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We describe a novel method for efficient reconstruction of phylogenetic trees, based on sequences of whole genomes or proteomes, whose lengths may greatly vary. The core of our method is a new measure of pairwise distances between sequences. This measure is based on computing the average lengths of maximum common substrings. It is intrinsically related to information theoretic tools (KullbackLeibler relative entropy). We present an algorithm for efficiently computing these distances. In principle, the distance of two ℓ long sequences can be calculated in O(ℓ) time. We implemented the algorithm, using suffix arrays. The implementation is fast enough to enable the construction of the proteome phylogenomic tree for hundreds of species, and the genome phylogenomic forest for almost two thousand viruses. An initial analysis of the results exhibits a remarkable agreement with “acceptable phylogenetic and taxonomic truth”. To assess our approach, it was compared to the traditional (single gene or protein based) maximum likelihood method. It was compared to implementations of a number of alternative approaches, including two that were previously published in the literature, and to the published results of a third approach. Comparing their outcome and running time to ours, using a “traditional ” trees and a standard tree comparison method, our algorithm improved upon the “competition ” by a substantial margin. The simplicity and speed of our method allows for a whole genome analysis with the greatest scope attempted so far. We describe here five different applications of the method, which not only show the validity of the method, but also suggest a number of novel phylogenetic insights.
Evolutionary Phylogenetic Networks: Models and Issues
"... Abstract Phylogenetic networks are special graphs that generalize phylogenetic trees to allow for modeling of nontreelike evolutionary histories. The ability to sequence multiple genetic markers from a set of organisms and the conflicting evolutionary signals that these markers provide in many case ..."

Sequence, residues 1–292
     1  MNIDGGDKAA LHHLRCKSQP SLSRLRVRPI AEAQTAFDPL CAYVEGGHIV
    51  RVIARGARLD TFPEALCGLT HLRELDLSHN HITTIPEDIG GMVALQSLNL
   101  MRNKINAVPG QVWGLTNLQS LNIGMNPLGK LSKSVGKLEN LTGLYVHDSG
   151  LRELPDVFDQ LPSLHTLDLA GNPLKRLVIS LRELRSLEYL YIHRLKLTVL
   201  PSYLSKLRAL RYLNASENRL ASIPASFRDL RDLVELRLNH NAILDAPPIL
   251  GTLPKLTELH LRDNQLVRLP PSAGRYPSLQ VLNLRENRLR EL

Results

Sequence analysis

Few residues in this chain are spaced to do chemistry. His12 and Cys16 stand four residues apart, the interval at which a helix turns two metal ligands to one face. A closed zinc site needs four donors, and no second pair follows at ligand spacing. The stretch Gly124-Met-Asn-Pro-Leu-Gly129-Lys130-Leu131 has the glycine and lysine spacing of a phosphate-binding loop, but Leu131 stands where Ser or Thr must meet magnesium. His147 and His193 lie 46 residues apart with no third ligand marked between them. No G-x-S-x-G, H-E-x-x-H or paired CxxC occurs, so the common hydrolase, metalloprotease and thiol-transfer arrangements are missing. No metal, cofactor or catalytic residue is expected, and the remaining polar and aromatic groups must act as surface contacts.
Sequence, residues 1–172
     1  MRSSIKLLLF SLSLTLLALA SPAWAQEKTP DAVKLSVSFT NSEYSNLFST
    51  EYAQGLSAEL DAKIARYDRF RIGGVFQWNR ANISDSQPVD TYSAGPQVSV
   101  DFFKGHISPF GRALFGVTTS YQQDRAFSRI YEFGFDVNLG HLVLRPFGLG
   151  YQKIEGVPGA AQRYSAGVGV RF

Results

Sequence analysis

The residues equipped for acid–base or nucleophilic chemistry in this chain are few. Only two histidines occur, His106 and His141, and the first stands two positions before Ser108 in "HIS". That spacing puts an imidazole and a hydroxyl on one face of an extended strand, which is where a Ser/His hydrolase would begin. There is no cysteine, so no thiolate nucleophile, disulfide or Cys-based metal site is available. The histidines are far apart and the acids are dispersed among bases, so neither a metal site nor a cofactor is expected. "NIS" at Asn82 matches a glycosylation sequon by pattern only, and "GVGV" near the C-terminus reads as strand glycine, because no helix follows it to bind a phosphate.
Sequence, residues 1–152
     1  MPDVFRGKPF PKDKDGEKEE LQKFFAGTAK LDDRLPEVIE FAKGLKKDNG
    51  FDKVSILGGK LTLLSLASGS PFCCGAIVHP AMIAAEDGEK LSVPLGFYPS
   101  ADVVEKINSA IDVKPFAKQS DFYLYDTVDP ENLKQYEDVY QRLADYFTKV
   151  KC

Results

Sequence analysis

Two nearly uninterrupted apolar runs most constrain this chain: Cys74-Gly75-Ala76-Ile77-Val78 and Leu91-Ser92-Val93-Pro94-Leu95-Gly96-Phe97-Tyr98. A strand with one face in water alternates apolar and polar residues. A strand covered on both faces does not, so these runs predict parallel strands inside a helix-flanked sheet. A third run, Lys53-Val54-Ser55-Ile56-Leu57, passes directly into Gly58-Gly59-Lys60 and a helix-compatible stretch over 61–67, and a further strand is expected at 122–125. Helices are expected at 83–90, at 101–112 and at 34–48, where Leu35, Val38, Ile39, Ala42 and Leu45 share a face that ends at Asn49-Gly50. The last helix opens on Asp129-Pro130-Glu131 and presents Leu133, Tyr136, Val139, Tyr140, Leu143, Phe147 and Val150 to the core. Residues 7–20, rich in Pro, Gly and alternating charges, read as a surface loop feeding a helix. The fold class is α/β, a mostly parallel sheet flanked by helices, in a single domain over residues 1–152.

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Cited by 18 (5 self)
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Abstract Phylogenetic networks are special graphs that generalize phylogenetic trees to allow for modeling of nontreelike evolutionary histories. The ability to sequence multiple genetic markers from a set of organisms and the conflicting evolutionary signals that these markers provide in many cases, have propelled research and interest in phylogenetic networks to the forefront in computational phylogenetics. Nonetheless, the term ‘phylogenetic network ’ has been generically used to refer to a class of models whose core shared property is tree generalization. Several excellent surveys of the different flavors of phylogenetic networks and methods for their reconstruction have been written recently. However, unlike these surveys, this chapter focuses specifically on one type of phylogenetic networks, namely evolutionary phylogenetic networks, which explicitly model reticulate evolutionary events. Further, this chapter focuses less on surveying existing tools, and addresses in more detail issues that are central to the accurate reconstruction of phylogenetic networks. 1